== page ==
Book Summaries

Clear All

Filters

Browse by subject:

Management Leadership Career & Self Development Marketing Sales Human Resources Economics Entrepreneurship Finance Technology Innovation All Subjects


Sign up for our Professional or Premier plan and you'll receive all of these summaries plus much more.

Compare Plans

  • Image of The Coaching Effect
    Image of The Coaching Effect

    What Great Leaders Do to Increase Sales, Enhance Performance, and Sustain Growth

    by Bill Eckstrom, Sarah Wirth

    The Coaching Effect details measurable and quantifiable coaching activities that have led to improved performance and sustained team growth.

    View Details

  • Image of Bravespace Workplace
    Image of Bravespace Workplace

    Making Your Company Fit for Human Life

    by Moe Carrick

    Does your company engage its people, elevate the practice of leadership, and model healthy cultures as a practice of meeting its goals? Author Moe Carrick refers to these companies as "Bravespace workplaces."

    View Details

  • Image of Now, Build a Great Business!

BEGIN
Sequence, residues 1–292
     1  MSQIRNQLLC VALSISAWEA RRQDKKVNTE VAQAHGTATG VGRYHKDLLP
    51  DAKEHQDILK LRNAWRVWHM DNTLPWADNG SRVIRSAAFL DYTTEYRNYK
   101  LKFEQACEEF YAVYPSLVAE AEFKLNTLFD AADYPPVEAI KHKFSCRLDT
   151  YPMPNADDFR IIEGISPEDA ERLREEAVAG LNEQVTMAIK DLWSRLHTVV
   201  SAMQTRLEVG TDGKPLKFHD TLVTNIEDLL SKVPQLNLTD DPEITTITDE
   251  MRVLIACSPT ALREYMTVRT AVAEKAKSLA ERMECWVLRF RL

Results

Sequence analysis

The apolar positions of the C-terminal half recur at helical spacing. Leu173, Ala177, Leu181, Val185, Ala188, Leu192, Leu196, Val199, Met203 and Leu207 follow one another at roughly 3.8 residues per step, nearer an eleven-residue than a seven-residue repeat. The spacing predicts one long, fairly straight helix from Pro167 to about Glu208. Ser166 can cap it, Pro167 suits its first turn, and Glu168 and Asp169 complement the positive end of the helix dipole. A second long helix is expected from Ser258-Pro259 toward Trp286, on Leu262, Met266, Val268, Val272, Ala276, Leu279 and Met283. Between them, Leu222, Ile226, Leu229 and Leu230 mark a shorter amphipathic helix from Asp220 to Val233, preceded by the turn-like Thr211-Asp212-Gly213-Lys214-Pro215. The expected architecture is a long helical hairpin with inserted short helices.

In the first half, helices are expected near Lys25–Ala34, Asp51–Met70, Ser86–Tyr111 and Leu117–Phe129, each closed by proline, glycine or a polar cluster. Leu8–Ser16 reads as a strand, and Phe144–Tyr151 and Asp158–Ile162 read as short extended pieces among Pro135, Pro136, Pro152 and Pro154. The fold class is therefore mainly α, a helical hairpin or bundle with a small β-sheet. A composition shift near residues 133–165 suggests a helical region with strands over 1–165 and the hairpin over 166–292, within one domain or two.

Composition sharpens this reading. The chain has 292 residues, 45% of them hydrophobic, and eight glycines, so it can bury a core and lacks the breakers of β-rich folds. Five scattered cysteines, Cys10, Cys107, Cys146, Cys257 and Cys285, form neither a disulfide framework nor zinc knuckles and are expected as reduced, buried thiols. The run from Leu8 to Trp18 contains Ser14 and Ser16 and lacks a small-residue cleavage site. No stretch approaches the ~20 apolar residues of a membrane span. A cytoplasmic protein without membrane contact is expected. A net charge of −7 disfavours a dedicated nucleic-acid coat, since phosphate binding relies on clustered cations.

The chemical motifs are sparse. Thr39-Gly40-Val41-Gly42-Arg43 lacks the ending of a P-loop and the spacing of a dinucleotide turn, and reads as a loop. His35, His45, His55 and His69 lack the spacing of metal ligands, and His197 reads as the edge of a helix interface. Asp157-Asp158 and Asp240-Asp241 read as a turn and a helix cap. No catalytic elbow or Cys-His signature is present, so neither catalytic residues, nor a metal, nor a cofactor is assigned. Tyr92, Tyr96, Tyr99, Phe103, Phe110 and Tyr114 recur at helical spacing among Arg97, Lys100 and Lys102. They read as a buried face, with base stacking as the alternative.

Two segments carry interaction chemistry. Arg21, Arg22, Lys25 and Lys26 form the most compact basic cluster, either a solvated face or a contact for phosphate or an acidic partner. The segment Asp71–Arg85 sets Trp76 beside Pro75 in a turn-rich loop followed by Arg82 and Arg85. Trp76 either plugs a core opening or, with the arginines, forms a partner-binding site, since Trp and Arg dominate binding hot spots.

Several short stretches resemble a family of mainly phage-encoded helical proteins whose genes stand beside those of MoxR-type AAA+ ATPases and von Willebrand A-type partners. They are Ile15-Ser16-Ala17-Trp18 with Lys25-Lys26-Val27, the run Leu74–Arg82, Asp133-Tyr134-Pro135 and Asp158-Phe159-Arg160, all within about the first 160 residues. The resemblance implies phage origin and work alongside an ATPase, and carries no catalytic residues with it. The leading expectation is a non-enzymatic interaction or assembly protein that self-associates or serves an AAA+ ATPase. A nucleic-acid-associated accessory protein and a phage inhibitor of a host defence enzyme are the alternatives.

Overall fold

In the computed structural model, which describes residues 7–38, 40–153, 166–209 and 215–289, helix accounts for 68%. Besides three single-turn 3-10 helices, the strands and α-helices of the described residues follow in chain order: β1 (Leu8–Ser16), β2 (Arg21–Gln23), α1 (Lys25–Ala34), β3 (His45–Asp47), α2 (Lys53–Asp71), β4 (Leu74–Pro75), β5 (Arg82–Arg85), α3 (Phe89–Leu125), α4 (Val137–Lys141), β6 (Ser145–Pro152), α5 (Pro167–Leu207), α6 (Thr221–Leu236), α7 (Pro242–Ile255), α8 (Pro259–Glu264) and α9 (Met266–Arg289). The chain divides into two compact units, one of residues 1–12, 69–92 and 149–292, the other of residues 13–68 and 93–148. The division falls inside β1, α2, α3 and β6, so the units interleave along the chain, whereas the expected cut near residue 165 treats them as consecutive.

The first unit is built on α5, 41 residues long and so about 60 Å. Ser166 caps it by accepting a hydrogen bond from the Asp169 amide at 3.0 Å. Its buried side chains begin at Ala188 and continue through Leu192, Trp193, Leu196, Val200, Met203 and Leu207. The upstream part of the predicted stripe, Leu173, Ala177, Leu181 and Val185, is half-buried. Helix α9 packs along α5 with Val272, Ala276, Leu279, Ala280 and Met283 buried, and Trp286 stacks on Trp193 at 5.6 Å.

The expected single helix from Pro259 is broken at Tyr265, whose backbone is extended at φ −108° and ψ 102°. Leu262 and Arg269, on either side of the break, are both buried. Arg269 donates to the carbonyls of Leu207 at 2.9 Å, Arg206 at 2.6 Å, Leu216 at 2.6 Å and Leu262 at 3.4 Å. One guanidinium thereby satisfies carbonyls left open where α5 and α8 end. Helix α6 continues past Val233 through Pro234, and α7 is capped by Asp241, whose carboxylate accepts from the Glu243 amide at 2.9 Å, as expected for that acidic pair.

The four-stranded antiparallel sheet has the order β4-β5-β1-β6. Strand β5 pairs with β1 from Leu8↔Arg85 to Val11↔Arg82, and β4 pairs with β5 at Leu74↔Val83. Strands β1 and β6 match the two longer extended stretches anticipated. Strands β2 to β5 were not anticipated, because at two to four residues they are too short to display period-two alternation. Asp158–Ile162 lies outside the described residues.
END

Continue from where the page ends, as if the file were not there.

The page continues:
Image of Now, Build a Great Business!

    7 Ways to Maximize Your Profits in Any Market

    by Mark Thompson, Brian Tracy

    Now, Build a Great Business! is an essential success kit from business heavyweights and acclaimed authors Mark Thompson and Brian Tracy. It is filled with straightforward, powerful strategies to ignite growth in your business and is packed with insights from face-to-face interviews with world-class business leaders. This executive summary offers practical steps that you can take away immediately and clear-cut strategies for moving your business forward.

    View Details

  • Image of The Growth Gamble
    Image of The Growth Gamble

    When Leaders Should Bet Big on New Business, and how They Can Avoid Expensive Failures

    by Robert Park, Andrew Campbell

    Conventional business wisdom dictates that companies should focus their sights on growth. But growth is no certain thing, say the authors of The Growth Gamble. Not all companies are built for rapid growth: Their markets are unsteady or extremely competitive, their infrastructure is not sufficiently flexible, or they don’t have the quality or quantity of people to lend to the effort. For these companies, a slow or steady growth curve, over years or even decades, is the healthiest option.

    View Details

Recently Viewed Categories